“If the campus is a sentence, then the chapel is the full stop that makes you pause.”
These are the words of renowned architect David Adjaye — perhaps best known as the lead designer of the Smithsonian National Museum of African American History and Culture in Washington — regarding a magnificent small building here on campus, the MIT Chapel.
Adjaye visited the MIT campus on several occasions in the past year, as part of his Eugene McDermott Award residency. On one of his visits, Adjaye spoke with the Center for Art, Science and Technology (CAST) about his impressions of the chapel, which is located on the Kresge Oval opposite the Institute's 77 Massachusetts Ave. entrance. The chapel was built by Eero Saarinen in 1955 and recently underwent a substantial renovation, including key restorations and upgrades to the exterior and interior of the building and to the surrounding moat.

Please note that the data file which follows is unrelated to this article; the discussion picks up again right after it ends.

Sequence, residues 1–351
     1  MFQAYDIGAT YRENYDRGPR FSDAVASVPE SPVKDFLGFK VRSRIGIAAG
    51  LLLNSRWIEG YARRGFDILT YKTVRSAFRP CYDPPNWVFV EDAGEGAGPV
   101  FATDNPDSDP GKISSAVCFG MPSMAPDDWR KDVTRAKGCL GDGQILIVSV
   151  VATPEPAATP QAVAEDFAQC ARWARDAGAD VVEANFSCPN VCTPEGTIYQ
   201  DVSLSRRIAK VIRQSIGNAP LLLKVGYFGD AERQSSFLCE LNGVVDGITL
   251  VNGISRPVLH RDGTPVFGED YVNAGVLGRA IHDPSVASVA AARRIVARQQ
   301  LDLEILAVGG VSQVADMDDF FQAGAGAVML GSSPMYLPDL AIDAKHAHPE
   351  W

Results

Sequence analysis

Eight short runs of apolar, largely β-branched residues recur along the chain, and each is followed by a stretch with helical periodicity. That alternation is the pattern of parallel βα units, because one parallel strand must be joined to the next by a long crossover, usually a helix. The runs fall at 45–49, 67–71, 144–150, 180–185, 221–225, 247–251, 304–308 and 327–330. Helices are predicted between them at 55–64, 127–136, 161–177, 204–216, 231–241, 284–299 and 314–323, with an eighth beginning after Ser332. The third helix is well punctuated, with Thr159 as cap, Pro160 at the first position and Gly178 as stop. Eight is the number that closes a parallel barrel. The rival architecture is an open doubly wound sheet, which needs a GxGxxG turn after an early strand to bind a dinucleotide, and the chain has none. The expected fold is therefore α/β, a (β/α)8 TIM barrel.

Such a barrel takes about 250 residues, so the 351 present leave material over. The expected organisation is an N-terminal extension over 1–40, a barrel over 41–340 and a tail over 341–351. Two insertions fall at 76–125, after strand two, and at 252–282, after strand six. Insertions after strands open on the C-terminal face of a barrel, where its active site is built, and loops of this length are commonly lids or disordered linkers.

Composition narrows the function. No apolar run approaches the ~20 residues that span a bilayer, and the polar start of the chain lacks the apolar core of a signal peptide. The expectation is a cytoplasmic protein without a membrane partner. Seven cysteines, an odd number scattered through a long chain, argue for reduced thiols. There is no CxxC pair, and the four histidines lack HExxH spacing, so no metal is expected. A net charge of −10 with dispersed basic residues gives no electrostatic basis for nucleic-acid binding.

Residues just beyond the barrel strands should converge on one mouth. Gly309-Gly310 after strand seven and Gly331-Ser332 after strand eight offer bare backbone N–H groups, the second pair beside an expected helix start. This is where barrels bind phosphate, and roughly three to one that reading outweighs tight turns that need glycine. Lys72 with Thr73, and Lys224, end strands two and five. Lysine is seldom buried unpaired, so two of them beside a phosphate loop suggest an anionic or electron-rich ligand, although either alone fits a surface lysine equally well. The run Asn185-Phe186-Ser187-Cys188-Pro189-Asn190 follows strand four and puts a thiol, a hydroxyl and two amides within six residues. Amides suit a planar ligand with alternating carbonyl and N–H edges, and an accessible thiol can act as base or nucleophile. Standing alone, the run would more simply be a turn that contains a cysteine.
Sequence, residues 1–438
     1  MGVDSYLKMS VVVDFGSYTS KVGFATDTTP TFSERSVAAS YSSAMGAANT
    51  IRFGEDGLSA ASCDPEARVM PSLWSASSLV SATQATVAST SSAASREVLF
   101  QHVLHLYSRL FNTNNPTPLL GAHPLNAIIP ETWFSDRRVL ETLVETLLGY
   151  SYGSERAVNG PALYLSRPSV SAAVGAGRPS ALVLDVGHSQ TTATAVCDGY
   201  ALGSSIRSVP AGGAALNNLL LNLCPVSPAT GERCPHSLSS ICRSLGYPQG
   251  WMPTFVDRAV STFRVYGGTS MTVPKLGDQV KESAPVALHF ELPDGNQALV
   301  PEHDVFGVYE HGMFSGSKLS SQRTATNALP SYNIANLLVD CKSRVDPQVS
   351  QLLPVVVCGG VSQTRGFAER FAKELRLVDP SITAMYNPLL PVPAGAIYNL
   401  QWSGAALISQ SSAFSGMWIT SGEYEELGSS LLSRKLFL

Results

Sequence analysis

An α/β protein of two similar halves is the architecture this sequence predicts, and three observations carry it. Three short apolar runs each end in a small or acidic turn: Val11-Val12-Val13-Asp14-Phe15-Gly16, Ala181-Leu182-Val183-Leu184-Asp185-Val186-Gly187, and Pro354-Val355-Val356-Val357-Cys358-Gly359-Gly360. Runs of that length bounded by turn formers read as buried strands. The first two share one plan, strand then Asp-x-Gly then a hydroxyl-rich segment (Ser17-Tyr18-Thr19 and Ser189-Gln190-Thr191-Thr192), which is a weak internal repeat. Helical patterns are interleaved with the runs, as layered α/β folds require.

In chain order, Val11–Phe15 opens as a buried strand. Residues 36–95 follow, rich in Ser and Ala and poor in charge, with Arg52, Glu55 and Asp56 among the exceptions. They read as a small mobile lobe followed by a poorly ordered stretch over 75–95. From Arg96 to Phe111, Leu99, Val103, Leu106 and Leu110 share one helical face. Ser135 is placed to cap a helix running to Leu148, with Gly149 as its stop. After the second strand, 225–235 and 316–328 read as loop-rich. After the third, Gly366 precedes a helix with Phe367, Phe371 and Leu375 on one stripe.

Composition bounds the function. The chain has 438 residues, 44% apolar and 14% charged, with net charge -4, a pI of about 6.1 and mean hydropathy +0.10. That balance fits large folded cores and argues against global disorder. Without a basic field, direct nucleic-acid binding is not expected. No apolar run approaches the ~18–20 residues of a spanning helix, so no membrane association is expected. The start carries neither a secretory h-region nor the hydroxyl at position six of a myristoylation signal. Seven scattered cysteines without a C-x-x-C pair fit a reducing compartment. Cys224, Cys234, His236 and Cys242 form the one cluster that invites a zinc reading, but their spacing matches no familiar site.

In this new interview, Adjaye discusses his first visit to the MIT Chapel as an architecture student in the mid-1990s researching faith-based spaces; Saarinen’s use of materials for functional and emotional purposes; how the special confluence of brick, wood, light and water creates atmosphere and conveys a profound narrative; the building’s relationship to the surrounding landscape and to Kresge Auditorium, also by Saarinen; and how ideas expressed in Saarinen’s architecture have influenced his own work.
Submitted by: Sharon Lacey/CAST | Video by: Arts at MIT | 14 min 28 sec